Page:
Philip Corner: 40 Years and One

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  • 7 Joyous Flashes

  • Concerto for Housekeeper

  • Short Piano Piece IV

  • Short Piano Piece IX

  • Short Piano Piece XIII

  • Flux & Form No. 2 (solo)

  • Flux & Form No. 2 (3 versions mixed)

  • Pulse: a ‘Keyboard Dance’/C Major Chord

  • perfect” (on the strings)


This man and his work represent the real “speculum musicae” of the past forty years. The example of his music embodies a lifelong commitment to an integral radicalism. . . . this is a venerable tradition that Philip has written so eloquently about, and continued in his music. A tradition that stems from “Charlie” Ives through John Cage and Lou Harrison. All of these composers would ultimately admonish us to do one thing: to open our ears—and LISTEN! —Peter Garland

Perhaps the single most striking quality of Corner’s piano music, beyond the pleasure of the music, is the crystal clarity of the concepts. Corner moves purposefully from deep musical thought via these concepts to highly pianistic compositions with a broad range of affect, much as Bach moves from his deep music via contrapuntal forms to the unfolding of his keyboard works. There is love for the piano, and in recording the works, and, in relationship to it, the choice mastering techniques for each work. There he was joyful. —Charlie Morrow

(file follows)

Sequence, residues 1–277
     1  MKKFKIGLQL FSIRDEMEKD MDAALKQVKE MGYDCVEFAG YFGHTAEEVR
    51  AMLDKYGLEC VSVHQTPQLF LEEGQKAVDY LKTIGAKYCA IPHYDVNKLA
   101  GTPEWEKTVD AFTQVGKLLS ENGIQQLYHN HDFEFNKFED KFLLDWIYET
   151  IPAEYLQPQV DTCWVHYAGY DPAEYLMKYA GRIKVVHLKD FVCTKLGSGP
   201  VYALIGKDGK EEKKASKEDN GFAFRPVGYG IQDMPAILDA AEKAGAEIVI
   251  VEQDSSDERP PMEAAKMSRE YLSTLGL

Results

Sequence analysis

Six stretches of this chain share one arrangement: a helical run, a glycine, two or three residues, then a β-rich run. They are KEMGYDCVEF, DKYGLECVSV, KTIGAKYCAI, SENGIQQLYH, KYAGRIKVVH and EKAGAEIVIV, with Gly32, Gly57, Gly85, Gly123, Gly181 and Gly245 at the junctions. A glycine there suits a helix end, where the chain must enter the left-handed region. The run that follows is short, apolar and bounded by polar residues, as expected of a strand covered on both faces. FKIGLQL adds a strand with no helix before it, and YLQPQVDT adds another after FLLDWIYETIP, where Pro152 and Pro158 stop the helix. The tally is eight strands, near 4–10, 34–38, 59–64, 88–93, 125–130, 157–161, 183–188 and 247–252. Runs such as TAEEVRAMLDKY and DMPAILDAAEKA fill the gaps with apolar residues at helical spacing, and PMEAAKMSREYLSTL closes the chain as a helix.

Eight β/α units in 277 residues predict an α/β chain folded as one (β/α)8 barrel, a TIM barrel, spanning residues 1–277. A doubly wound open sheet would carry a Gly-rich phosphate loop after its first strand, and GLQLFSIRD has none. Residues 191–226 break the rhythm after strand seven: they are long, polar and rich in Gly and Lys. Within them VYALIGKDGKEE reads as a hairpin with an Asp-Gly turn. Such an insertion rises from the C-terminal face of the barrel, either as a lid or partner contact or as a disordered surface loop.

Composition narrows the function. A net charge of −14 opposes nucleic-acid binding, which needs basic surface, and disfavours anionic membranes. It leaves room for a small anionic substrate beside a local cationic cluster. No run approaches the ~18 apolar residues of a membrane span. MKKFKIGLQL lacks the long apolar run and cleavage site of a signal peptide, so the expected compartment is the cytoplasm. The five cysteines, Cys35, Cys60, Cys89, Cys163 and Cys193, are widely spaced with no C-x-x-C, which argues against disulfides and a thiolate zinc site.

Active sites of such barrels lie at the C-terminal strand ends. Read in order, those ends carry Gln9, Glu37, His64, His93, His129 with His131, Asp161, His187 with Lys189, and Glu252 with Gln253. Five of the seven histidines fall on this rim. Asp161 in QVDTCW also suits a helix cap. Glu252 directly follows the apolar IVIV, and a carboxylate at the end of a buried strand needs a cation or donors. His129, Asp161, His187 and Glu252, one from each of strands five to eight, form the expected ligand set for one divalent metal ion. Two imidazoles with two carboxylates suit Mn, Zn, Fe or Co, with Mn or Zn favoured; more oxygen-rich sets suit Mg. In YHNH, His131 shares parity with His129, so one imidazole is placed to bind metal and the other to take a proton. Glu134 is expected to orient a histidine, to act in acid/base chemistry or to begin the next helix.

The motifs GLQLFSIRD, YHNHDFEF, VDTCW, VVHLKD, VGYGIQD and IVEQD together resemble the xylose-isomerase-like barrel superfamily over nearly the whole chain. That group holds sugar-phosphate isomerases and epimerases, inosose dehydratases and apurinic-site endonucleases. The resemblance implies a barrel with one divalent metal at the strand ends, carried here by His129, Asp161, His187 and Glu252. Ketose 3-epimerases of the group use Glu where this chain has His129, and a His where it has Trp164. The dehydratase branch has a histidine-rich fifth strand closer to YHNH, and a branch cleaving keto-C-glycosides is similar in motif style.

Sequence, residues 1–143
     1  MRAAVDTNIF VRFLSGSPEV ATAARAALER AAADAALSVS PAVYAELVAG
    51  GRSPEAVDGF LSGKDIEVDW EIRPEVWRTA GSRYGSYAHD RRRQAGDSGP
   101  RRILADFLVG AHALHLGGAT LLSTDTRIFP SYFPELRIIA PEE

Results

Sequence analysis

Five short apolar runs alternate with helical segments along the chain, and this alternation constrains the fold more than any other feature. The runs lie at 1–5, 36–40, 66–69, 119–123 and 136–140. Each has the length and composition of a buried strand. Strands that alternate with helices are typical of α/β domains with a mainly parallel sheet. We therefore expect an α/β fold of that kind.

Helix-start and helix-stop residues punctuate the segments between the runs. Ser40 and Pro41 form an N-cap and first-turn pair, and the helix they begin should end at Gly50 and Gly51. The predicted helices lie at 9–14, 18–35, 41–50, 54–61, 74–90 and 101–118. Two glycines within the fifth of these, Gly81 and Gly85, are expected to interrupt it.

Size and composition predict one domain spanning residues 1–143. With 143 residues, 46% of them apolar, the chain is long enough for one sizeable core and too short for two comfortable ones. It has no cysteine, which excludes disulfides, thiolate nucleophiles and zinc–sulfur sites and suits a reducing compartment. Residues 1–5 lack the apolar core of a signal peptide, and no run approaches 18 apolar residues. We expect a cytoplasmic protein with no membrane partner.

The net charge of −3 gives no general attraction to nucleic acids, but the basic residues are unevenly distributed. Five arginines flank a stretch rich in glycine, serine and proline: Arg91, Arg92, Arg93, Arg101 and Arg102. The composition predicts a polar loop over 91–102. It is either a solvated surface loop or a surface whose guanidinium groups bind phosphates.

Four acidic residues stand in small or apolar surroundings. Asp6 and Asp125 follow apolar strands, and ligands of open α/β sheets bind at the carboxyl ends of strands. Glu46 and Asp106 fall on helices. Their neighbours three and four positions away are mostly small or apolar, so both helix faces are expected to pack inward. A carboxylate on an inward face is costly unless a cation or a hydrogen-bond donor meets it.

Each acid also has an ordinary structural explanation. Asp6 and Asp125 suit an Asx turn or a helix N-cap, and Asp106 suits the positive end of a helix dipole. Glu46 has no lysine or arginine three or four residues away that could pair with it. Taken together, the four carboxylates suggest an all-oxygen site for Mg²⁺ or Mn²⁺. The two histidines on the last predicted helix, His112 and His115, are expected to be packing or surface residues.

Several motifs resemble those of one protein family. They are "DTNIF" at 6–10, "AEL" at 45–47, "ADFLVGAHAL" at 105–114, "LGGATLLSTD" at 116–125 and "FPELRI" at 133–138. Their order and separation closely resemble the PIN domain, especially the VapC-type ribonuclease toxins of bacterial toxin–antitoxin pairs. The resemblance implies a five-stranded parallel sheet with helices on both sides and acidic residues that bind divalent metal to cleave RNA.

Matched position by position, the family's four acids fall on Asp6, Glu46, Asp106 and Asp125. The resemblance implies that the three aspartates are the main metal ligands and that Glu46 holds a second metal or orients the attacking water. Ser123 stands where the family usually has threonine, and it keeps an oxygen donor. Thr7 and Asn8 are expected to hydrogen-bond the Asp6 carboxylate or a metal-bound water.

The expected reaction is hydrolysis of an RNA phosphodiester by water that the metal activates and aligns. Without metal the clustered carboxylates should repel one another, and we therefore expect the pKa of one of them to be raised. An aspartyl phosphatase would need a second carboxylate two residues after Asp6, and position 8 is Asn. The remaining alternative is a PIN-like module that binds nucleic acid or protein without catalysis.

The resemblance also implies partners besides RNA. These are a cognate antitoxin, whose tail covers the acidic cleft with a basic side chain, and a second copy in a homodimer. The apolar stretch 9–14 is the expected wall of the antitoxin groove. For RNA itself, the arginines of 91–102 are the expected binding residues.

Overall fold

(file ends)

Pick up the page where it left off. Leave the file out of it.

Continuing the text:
When Philip plays the piano he always makes me imagine that music is a single great continuum, and that we always live in all of it. We may hear it a portion at a time, but we always live in all of it. I am moved by the ease with which he leads me from here to here to here, each different, always NOW, always familiar, always remembered, yet unexpected, like watching the change, return and passing of the seasons. In addition to making music, he shows me the reasons for making music. —Henry Martin

Always there is the presence of touch as play upon, within, around the piano; his playing, the keyboard and frame of instrument singing, of fingers, palms, arms and body, whole . . . by touch releasing, through gesture sounding, and always mind/sense being one . . . The piano thereby is transformed, qualities of percussion and human voice all possible, extended and endlessly fulfilled with nuances of articulation and resonance. —Malcolm Goldstein

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